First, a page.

kaivegan–I’ve worked and worked on getting your link right, and I think I’ve finally done it. It’s setup through Bloglines, and for some reason it kept displaying wrong on my blog.

I think the white miso would probably be okay. It has a milder flavor, so it certainly couldn’t hurt.

11:45 AM, February 23, 2006
Virginie said…

Thank you Susan. I’ll try it and tell you how it tastes.

6:11 PM, February 23, 2006
luvbomy said…

Hi! Susan.
Even though this is the first time I’m leaving a comment, I’ve been enjoying your site for a while now. It’s wonderful.
I happen to be Korean and I’m glad to let you know the true meaning of the word bibimbab. 🙂
The word bibim means ‘to mix or mixing’ and bab means ‘cooked rice’ and thus bibimbab is boiled rice mixed with assorted dishes. 🙂
I usually use any vegetable dishes I have in the fridge, but I will try your bok choy dish next time I make bibimbab. Thanks!

3:14 PM, August 11, 2006
Shelly Anne said…

Thank you so much for this recipe. Babimbab always sounded and looked tasty, but being a vegan, the meat prevented me from having any. I will make this recipe this weekend. My friend has a vegan blog you may want to check out.

4:41 PM, September 26, 2007
Anonymous said…

Hi! Susan Ive happen to be one of your readers, and I see this recipes of yours I have my mouth water while Im reading it.I just thinking that I am definately gonna try this, it just sound soo good and it look so delios,ummm I thank you for recipes add. then I let you know how it goes, beacuse I am also going to serve this to my family too!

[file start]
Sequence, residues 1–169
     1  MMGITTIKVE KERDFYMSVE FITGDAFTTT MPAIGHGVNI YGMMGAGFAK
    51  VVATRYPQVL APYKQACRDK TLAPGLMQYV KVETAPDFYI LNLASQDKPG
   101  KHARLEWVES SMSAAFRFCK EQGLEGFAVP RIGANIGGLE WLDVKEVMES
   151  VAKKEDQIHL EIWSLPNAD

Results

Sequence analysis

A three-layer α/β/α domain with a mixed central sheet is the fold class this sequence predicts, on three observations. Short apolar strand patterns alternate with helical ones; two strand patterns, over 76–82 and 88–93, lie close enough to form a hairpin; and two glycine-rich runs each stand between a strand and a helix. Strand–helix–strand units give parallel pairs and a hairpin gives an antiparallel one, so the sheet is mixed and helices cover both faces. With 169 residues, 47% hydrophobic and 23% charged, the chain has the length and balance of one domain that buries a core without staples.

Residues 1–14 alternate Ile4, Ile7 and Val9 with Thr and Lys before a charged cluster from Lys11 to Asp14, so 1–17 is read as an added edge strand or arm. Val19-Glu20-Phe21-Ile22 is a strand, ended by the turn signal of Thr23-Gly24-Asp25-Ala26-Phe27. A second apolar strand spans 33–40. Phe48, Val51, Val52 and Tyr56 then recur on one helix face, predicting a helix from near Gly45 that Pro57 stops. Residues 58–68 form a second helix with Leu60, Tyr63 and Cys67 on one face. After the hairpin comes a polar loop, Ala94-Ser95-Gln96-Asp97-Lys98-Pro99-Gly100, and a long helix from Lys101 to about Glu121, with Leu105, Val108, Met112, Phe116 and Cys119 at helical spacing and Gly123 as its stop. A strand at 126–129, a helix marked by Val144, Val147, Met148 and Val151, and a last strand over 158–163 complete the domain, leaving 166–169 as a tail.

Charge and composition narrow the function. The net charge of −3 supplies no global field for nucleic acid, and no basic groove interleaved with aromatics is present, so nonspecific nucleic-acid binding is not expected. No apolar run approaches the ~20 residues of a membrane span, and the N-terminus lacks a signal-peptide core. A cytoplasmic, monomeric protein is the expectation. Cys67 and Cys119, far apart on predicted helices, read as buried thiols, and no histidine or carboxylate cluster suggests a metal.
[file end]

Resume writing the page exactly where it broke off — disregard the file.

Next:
9:53 PM, January 11, 2008
Katy said…

This is wonderful!!!!! I love Dol Sot Bibimbap and I am slowly going vegan. Yay I get my cake and eat it too! I figured I’d be able to still eat it since it is mostly veggie anyway, but thanks for spelling it out. 🙂

9:19 AM, June 09, 2008
Sheela said…

I was looking for vegan or vegetarian version of bulgogi and came upon your bibimbab and started exploring your site. You have a collection of good recipes here – with gorgeous photos to drool over! Thank for sharing!

2:53 PM, January 18, 2009
Amanda said…

A recipe for this? Can’t wait to try it!
I believe you were in Chicago recently but if you ever come back, be sure to check out Alice and Friends Restaurant on the north side. They are a vegetarian/vegan Korean restaurant and they have the best Bi Bim Bop Dol Sot, I’m sure I spelled that wrong. Well, my statement that it is the best is an assumption – I’ve never had it elsewhere – but it is my favorite dish there. Phenomenal!

12:37 AM, May 28, 2009
M. said…

The recipe on the non-blog part of your site says that gochujang is “very hot”, but that simply isn’t true. It’s very mild and mellow as far as chili condiments go. But anyway, thanks to introducing me to it, I use it in a lot of different things – even salsa (supplemented with other paprika and chili).


2 Denby Stoneware August 26, 2009 at 9:33 am